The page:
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How To Transform Your Home With A Well

Jun 12, 2023

By Jermaine Gallacher

There are no fewer than 15 mirrors in my tiny one-bedroom flat in south London. In fact, I just caught sight of myself in one of them looking a little like the ghost of Queen Elizabeth – the first Elizabeth, I hasten to add – and I shrieked.

By Jermaine Gallacher

Some might read that and call me vain, while others would say it means I know a thing or two about interior design. Both, I think, would have a point. A mirror should be more than the surface we pass by for a fleeting moment once or twice a day to check ourselves out or take a selfie. They are, in fact, the seasoned decorator's greatest conspiracy, transforming small, light-starved spaces into seemingly bright and glamorous rooms. Frankly, the trickery of a mirror knows no bounds – and with the new year upon us, and plenty of dark winter months looming ahead – what better time could there be to add a few more of these vignettes of intrigue to your own walls?

They say that looks can be deceiving, but in this case, that's exactly what we’re after. When it comes to decorating with mirrors, it's all about this sleight of hand. Placing a mirror opposite a window to invite in more natural light? Sure, it's the oldest trick in the book – in fact, you’ve probably read about it in every interior design book ever written. But even if it does sound glaringly obvious, believe me, it really works.

And personally, I think it works best when you mount a piece of glass in an alcove, or insert it into a piece of wall-mounted furniture, like a cardboard door panel or dresser shelf. I did exactly this in my hallway bookcase, which faces my bedroom window, opting for classic, mirror-backed glass before having it cut to fit precisely in between the two tallest shelves. Mirrored glass can be cut to any size, shape, and finish at any good glazers – I find builder's merchant glazers are the best, the least expensive, and always willing to haggle – and the end result throws a ton of light back into what would otherwise be a dark, dingy basement hallway.

If it's a real eyeful you’re after with mirrors, though, bedrooms are the ideal place to get creative – in more ways than one. Yes, some people really do it with mirrors. I draw the line at mirrored ceilings and headboards, as nobody needs to see that much. But a well-hung (so to speak) collection of mirrors on a bedroom wall can punctuate the space, adding a touch of mysterious possibility to any beneath-the-sheets encounter.

By Alice Cary

By Emma Spedding

By Emma Spedding

If you want to use multiple mirrors in the bedroom, try to stick to an overarching rule. All the mirrors should have wooden frames, for example, or they should all be round. As a rule of thumb, I detest rules – but in this instance, I feel sticking to one will save your bedroom from looking like a twee brothel. Always keep the reflections in mind: hang them facing a favourite painting, perhaps, to catch a glimpse as you walk by, or even opposite another mirror to create a fantastic trompe-l’œil effect. Bedrooms are also the perfect spot to introduce a cheeky piece of more modest mirrored furniture, like a tiny console or bedside table. (Sticking a piece of mirror on something you already have will do the trick: I once had an entirely mirrored armchair next to my bed, which was a lot of fun.)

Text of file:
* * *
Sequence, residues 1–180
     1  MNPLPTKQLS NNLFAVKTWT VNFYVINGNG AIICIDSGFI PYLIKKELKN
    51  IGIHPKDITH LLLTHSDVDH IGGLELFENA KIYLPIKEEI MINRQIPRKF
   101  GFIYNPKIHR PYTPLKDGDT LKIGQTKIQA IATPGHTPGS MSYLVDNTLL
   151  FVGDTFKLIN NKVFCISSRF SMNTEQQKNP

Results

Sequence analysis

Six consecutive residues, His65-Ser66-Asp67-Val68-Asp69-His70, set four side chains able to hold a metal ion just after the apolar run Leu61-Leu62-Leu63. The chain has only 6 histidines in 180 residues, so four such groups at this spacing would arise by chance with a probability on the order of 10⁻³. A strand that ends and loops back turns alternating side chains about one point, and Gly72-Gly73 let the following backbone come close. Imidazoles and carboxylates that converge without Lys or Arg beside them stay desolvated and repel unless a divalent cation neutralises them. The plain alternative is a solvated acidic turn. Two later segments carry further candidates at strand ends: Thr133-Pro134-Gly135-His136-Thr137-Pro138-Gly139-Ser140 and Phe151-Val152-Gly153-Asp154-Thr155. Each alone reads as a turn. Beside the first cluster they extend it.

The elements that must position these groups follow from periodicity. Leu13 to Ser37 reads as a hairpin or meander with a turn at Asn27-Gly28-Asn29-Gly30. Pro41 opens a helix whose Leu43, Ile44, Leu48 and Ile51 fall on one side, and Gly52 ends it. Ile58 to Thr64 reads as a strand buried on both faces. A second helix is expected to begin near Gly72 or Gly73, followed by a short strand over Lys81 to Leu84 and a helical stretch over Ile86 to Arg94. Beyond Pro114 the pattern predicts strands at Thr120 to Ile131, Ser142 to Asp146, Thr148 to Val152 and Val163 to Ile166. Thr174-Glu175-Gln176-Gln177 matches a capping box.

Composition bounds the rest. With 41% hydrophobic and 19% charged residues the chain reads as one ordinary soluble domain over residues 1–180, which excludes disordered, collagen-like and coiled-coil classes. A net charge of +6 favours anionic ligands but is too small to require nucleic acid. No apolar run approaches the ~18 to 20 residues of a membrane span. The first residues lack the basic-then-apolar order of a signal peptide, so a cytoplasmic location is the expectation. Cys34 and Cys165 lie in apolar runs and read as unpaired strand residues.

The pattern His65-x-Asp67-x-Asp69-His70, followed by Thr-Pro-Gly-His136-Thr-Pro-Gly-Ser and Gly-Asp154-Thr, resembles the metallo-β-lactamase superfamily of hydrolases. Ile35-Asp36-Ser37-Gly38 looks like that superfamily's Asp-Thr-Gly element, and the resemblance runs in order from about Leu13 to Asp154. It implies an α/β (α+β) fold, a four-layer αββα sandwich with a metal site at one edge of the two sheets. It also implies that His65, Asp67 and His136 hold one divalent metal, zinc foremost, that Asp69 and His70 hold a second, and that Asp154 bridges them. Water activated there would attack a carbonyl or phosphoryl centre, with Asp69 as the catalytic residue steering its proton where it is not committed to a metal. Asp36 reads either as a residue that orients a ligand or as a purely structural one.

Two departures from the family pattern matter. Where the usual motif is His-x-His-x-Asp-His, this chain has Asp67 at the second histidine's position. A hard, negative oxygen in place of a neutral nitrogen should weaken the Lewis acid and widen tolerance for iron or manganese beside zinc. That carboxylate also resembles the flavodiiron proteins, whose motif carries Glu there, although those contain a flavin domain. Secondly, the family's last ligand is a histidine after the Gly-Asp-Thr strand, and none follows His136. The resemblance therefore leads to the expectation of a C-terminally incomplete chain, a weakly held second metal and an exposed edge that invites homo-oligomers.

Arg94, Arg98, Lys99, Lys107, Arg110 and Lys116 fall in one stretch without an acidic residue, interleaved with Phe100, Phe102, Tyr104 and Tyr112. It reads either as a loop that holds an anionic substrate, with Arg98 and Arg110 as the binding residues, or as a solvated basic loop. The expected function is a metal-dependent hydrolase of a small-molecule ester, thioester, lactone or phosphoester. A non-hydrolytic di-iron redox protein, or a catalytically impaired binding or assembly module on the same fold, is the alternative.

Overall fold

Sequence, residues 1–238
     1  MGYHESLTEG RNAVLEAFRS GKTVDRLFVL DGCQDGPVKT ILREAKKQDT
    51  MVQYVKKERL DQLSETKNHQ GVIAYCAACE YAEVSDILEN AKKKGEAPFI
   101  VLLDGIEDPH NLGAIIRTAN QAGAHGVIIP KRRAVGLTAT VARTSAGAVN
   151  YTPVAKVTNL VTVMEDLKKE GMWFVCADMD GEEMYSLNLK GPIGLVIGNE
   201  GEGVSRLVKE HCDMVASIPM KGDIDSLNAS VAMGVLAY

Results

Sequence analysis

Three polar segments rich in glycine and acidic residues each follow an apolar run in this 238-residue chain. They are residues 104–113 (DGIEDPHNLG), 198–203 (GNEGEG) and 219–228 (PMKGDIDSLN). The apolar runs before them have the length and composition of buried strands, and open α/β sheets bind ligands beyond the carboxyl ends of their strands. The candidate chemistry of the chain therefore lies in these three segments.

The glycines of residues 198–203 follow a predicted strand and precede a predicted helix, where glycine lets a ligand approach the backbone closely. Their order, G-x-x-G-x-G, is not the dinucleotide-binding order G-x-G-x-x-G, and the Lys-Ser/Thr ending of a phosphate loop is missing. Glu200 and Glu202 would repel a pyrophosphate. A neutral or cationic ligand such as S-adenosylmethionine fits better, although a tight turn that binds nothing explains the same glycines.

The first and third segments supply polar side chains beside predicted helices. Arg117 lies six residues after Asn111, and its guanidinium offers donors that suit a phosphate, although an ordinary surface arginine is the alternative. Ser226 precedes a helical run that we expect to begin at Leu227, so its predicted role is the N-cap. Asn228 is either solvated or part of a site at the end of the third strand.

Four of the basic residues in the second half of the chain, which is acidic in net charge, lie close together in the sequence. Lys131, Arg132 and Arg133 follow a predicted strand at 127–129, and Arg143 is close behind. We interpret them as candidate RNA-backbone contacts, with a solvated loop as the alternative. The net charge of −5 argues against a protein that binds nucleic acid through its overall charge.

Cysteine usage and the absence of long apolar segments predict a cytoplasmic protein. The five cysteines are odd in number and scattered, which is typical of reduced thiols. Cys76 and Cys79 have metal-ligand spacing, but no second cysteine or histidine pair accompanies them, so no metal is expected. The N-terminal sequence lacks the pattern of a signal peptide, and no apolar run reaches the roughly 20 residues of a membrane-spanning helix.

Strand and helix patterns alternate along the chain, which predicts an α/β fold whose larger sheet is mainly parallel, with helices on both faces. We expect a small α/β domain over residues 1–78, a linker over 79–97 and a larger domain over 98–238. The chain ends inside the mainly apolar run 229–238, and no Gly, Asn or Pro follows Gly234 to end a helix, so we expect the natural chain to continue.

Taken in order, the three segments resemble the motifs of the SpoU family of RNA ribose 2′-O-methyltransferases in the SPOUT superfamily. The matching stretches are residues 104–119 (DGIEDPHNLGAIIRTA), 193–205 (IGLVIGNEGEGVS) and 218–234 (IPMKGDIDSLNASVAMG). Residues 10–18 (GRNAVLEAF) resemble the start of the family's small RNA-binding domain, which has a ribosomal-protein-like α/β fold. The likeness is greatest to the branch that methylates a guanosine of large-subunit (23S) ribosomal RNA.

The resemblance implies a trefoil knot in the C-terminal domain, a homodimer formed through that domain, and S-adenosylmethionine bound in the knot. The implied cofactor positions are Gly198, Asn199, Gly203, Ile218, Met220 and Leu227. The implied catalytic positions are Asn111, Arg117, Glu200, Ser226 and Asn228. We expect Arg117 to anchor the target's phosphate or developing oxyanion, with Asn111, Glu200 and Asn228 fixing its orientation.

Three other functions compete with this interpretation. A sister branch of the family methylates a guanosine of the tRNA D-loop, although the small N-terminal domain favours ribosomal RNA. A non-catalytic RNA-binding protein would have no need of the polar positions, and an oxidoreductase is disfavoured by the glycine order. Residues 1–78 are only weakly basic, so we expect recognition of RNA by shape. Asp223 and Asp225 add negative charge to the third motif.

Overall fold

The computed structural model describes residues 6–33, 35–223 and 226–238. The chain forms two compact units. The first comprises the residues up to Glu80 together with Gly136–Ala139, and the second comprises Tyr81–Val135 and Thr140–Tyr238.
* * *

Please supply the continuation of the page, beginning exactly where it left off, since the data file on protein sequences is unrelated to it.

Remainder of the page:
Sitting rooms are more of a public affair, and so – in my humble opinion – require a slightly more refined approach. Although refined needn't mean broke or being a bore, heaven forbid. If anything, the sitting room should be the space in which you can show off your eye for an unexpected mirror frame: think about it as a sculptural work of art that can become a focal point in and of itself. For that, I’ve picked up plenty of gems over the years at flea markets and second-hand shops – here, always look out for the weird and wonderful. Try and look out for dealers who actually specialise in frames and mirrors, and remember to always check the backs of frames for any damage, rot, or woodworm. (I have to say I’m especially partial to a so-bad-it's-good ’90s sunburst.)

If you’re still struggling to find something you like – well, why not make your own? I once made a frame entirely out of cardboard, inspired by the "tramp" American folk art woodworking tradition. I cut the rectangle frame out then built up the frame with hand-cut triangles in varying sizes, painted it orange, and stuck it to a beautiful Art Deco bevelled edge mirror. To be quite honest, it's probably ended up being the most refined thing in my front room.

By Jermaine Gallacher

And my final piece of advice when it comes to mirrors? Remember to always think about scale. There's nothing worse than an overbearing, arrogant mirror screaming out for attention. Save that for the reflection.

By Hayley Maitland